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Jesse Anguiano only wanted an extra layer of protection during sex. The 31-year-old gay man had been hearing about pre-exposure prophylaxis (PrEP) for some time from HIV test counselors at the Lansing Area AIDS Network, but when he sought out the pill he ran into barriers.

“It was actually very difficult to access,” Anguiano said during a phone interview. “A lot of doctors were ignorant in Lansing and unwilling to help.”

PrEP is a 2-and-ahalf-year-old HIV prevention intervention using the anti-HIV drug Truvada. When an HIV-negative person takes the pill daily, it has been shown to be at least 92 percent effective in preventing HIV infection and in a study from the National Institutes of Health, the efficacy of the daily use of the drug was pegged at 99 percent. In May, the CDC released new clinical guidance on who should take the little blue pill — clearing the way for as many as 500,000 Americans to meet the clinical guidance.

However, Anquiano’s experience is not unique for men seeking out what is considered a new prevention technology by many physicians unfamiliar with the drug — or the unique cultural needs of sexual minorities. He said he rejected three doctors over his pursuit of the drug because they were not culturally sensitive to the gay community.


Anguiano will join Dr. Peter Gulick, an infectious disease doctor in Ingham County; Dwayne Riley, the HIV prevention manager at the Lansing Area AIDS Network; Joel Murr, assistant deputy health officer for Ingham County, and Eric Paul Leue for a discussion about PrEP on Sunday at Esquire Club, 1250 Turner St, in Lansing. The panel discussion is part of Leue’s national tour as Mr. Los Angeles Leather 2014 to promote conversations about PrEP specifically, but sexual health for men who have sex with men in general.


“PrEP made itself my mission,” Leue said. The tone of the debate, which had taken on a “moralism” and “judgment” needed to change he said. “The science is utterly clear, right? It’s black and white. Take a pill once a day and you’re protected from HIV.”

However, there is a divide among public health officials, leaders in the gay community and people in the HIV prevention community. Some are concerned that widespread adoption of the drug will result in a spike in other sexually transmitted infections — they believe it will empower those men to engage in riskier sexual activity, called risk compensation in science. Some say the drug has too many potential negative side effects.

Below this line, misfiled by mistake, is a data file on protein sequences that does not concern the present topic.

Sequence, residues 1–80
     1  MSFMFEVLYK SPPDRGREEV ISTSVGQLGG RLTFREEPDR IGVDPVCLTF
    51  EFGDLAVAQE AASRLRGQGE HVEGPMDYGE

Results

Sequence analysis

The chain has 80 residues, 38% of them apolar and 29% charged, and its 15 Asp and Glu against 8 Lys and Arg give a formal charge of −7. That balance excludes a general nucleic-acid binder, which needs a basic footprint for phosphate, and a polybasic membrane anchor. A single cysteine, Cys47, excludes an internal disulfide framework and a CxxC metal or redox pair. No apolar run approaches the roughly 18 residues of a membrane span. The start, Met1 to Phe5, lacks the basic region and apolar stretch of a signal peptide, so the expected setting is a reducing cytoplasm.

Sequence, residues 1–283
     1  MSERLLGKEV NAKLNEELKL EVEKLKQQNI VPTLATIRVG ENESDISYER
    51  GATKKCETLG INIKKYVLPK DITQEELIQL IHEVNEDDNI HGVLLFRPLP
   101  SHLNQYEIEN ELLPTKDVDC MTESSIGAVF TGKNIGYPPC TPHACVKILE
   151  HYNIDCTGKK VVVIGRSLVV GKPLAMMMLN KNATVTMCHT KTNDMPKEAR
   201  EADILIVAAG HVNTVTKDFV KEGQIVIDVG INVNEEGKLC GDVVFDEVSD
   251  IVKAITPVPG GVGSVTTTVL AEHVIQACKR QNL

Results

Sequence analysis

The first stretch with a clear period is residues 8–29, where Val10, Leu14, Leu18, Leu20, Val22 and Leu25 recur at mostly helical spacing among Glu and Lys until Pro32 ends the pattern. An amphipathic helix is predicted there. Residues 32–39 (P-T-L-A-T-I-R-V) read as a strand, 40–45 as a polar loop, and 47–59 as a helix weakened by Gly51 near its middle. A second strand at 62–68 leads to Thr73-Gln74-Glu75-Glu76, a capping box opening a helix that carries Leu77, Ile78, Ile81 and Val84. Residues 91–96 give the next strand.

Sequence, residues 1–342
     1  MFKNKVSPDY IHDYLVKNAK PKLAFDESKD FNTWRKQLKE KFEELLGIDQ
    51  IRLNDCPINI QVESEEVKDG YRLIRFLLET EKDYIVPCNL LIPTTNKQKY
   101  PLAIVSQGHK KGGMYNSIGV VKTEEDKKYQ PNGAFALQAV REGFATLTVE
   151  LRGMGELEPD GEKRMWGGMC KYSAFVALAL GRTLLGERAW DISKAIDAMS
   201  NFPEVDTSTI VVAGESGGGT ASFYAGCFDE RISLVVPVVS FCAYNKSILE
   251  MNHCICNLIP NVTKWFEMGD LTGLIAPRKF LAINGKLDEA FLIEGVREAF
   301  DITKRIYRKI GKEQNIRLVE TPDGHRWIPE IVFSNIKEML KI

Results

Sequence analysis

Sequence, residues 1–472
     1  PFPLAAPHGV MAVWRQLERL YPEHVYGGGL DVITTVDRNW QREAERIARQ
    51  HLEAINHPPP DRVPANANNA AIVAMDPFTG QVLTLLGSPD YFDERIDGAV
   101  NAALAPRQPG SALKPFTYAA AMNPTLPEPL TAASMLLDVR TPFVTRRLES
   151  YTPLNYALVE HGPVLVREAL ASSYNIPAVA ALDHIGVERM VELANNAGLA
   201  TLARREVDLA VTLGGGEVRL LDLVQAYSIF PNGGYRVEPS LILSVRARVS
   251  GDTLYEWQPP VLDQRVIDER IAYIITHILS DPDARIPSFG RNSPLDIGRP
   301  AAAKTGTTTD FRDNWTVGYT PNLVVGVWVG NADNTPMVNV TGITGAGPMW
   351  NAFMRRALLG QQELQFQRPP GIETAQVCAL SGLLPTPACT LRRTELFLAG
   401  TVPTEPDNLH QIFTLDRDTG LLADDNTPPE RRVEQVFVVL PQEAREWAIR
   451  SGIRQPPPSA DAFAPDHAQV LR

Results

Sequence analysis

Studies show that those on PrEP are not falling into riskier sexual activity than before they were on the drug. In fact, the initial study found that participants reported more condom use and less unplanned sexual activity.


As for the concerns about STIs, Leue points out that condoms don’t necessarily prevent those, either. Syphilis, a growing concern among men who have sex with men, can be spread by skin to skin contact. Gonorrhea and chlmydia can be transmitted via oral sex.


“People who are on PrEP are being screened for STIs regularly — they are more likely to be diagnosed early,” Leue says. “That means they are less likely to transmit the infection to someone else.”


Anguiano and Leue note that PrEP is another layer of protection from HIV. Both men have been on the drug for about four months.


Most important for Leue, however, has been witnessing the shifting conversation that PrEP is bringing to the gay community.


“The positive person was always the one charged with prevention,” he says. “That divide is being challenged by PrEP. Now it’s about shared responsibility.”


Anguiano shares that mission. He says before PrEP he was nervous during and after sex. Now, he suffers no such concerns. And he is frustrated by the “moral” arguments he hears from some in the gay community.


Leue will appear at PrEP panels in Grand Rapids Saturday at Diversions Nightclub; Esquire Club in Lansing at 7 p.m. on Sunday and at Affirmations Community Center in Ferndale on Dec. 8 at 7 p.m.



When: Sunday, Dec. 6, 7-9 p.m.


Where: Esquire Club, 1250 Turner St, Lansing.


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